Thursday, April 28, 2011

First RMB IPO (Hui Xian REIT Stock Code 87001.hk) Analysis

Recently we have received a few email queries from our readers after we discussed about Hui Xian REIT (stock code: 87001.hk), the first Renminbi (RMB, CNY, or Yuan) Initial Public Offering (IPO) in Hong Kong, in our previous article How to Invest in RMB Securities Outside China. Most of these readers asked us whether they should invest in the Hui Xian REIT (Real Estate Investment Trust) and suggested if we can analyze Hui Xian's investment value for them.

Since it is the first RMB-denominated securities in Hong Kong and is new to most investors, we decide to particularly publish our stock analysis of Hui Xian REIT this time. As far as we can remember, it is the first time for us, Mr China, to release any of our own detailed stock analysis in this website. Here are the details of our Hui Xian's stock analysis:

Profit (RMB million)Number of Units in issue (million)Distribution per Unit (RMB)Annualized Price/Earnings (P/E) Multiple (Projected)Annualized Distribution Yield
Notes(1)(2)(3)(4)(5)
200795250000.190427.523.63%
2008196750000.393413.327.51%
200987350000.174630.013.33%
From 29 April 2011 to 30 June 201119350000.038623.484.26%

(Source of IPO Prospectus: Hong Kong Stock Exchange - HKEx stock code: 388.hk)


Notes:

(1) Profit of Hui Xian REIT is dominated by the market fair value of its sole investment, Oriental Plaza, which exposes Hui Xian REIT to concentration risk. In addition, the market fair value of Oriental Plaza is indeed highly volatile, though it is not unique for Hui Xian, it is quite common for many other stocks with investment properties. For example, Hui Xian reported a market fair value loss of RMB 16 million in 2009, but then reported a market fair value gain of RMB 8756 million in the first 10 months of 2010. Normal operating revenue of Hui Xian, excluding the market fair value of Oriental Plaza, is much more stable. (Remark: it is quite strange to us that Hui Xian can only provide the first 10 months figures instead of the full 2010 annual figures in its IPO prospectus. Therefore we simply give up calculating its 2010 annualized distribution yield in our stock analysis). In addition, please be aware that Hui Xian's investment interest in Oriental Plaza will diminish over time and may decreases exponentially as it gets closer to the termination date (suppose to be 24 January 2049 unless terminated earlier), and will even become zero by that date. Any decline in the value of Hui Xian's investment interest in Oriental Plaza will diminish the NAV (Net Asset Value) per unit.

(2) Assume Hui Xian had 5000 million units in issue from 2007 to 2009, just for comparison purpose.

(3) Hui Xian's distribution policy is to distribute 100% of its distributable income to unit-holders until 31 December 2012, and thereafter to distribute at least 90% of its distributable income for each financial year.

(4) Stock price to be set as RMB 5.24 per unit, which is the minimum offer price of its IPO. We are disappointed that Hui Xian can only provide 2011 profit forecast for only 2 months (from 29 April to 30 June) in its IPO prospectus. Therefore we can only proportionally project its 2011 Price/Earnings (P/E) multiple as 23.48% (still very high) based on annualized estimation.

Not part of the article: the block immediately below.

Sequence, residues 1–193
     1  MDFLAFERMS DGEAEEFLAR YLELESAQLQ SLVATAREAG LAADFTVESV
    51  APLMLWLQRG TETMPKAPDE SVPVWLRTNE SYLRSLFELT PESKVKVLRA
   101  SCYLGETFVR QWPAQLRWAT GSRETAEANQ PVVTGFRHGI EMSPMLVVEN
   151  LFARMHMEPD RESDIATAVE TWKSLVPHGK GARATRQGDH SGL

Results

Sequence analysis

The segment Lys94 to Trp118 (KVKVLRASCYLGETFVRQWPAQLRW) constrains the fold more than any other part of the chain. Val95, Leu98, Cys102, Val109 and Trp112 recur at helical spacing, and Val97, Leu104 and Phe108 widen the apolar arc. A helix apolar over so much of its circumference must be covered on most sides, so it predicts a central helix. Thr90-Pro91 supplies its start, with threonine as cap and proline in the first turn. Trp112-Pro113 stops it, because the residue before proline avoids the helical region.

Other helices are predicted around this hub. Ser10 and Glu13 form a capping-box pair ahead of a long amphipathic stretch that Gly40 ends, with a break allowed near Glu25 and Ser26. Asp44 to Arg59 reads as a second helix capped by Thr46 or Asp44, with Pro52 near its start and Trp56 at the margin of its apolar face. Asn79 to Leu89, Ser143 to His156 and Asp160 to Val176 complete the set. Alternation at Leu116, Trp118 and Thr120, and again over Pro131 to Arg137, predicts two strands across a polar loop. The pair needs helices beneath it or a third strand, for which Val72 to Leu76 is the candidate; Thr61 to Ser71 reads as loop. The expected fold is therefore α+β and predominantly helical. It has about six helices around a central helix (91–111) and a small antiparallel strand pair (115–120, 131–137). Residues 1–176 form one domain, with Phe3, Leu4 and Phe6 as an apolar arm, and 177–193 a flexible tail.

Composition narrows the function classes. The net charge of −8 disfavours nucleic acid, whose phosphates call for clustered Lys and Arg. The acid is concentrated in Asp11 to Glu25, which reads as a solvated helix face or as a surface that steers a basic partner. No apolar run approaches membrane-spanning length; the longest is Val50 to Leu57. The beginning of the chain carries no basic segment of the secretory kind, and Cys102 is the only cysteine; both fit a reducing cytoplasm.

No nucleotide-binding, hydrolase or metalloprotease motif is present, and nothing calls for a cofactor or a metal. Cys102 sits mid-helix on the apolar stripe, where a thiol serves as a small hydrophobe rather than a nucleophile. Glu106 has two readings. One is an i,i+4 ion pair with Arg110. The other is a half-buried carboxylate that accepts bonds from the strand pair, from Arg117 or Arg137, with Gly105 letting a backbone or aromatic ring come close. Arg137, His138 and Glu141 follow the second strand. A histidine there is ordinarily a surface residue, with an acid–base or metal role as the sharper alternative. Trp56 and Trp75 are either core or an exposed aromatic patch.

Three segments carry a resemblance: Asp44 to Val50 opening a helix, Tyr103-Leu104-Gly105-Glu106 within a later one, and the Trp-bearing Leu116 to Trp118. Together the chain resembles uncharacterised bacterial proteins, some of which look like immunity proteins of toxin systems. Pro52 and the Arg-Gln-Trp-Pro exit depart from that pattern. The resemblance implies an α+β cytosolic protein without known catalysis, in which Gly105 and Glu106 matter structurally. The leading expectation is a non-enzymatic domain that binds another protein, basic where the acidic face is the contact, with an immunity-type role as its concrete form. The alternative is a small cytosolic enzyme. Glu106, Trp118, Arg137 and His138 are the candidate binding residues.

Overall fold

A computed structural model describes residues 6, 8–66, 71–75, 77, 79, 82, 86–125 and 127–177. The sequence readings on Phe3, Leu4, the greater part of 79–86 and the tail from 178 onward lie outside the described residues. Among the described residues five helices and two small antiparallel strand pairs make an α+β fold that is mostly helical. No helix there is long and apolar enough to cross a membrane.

(5) Again, similar to (4), we can only proportionally calculate Hui Xian's 2011 distribution yield as 4.26% (a return excluding all the associated trading and taxation costs) based on annualized estimation. The yield, and so the value of Hui Xian REIT, may also be adversely affected by the existing interest rate upcycle in the mainland China.

Our stock analysis conclusion is: Considering all the factors mentioned above, we do not recommend a buy for Hui Xian REIT unless it will realize a more positive profit forecast in the future. In addition, even if you finally choose to invest in this REIT for whatever reason, Mr China does not encourage any risky investment (especially margin trading) and hence you are advised to firstly read our general risk disclosure and disclaimer statement prior to any such investment.

Last but not least, please note that the daily maximum exchange limit of RMB 20K per individual in Hong Kong banks can adversely affect the liquidity and transitions of RMB-denominated securities in secondary trading market. Although offshore RMB deposits at authorized institutions in Hong Kong had reached RMB 408 billion as of February this year, most of them are for use in foreign trade settlement. Therefore, it is widely believed that the current RMB offshore liquidity is still small and not strong enough to support large RMB-denominated IPO or high-volume RMB securities secondary trading in the Hong Kong stock market.


More Stock Analysis:
Table of Summary: All Our Stock Analysis Reports

2 Comments:

David Chan said...

Hui Xian REIT really fell down to ¥4.75 in its first trading day. Fortunately I read this blog and did not buy ... Thank you so much!

Mr China said...

David,

Hui Xian REIT, as expected, went down by -9.35% to RMB 4.75 at the close (Day High: RMB 5.10; Day Low: RMB 4.66) in its first trading day. We are watching the market to see if the offshore RMB liquidity issue is the real cause of poor support from small investors.

Nevertheless, RMB 4.75 is still not attractive enough for us, though it now represents a lower projected 2011 P/E ratio of 21.28 and a higher annualized yield of 4.7%.

In any case, this IPO listing is a historic moment for Hong Kong, as the first global RMB-denominated REIT. It is more than just a gimmick and is indeed a milestone to help promoting RMB internationalization.

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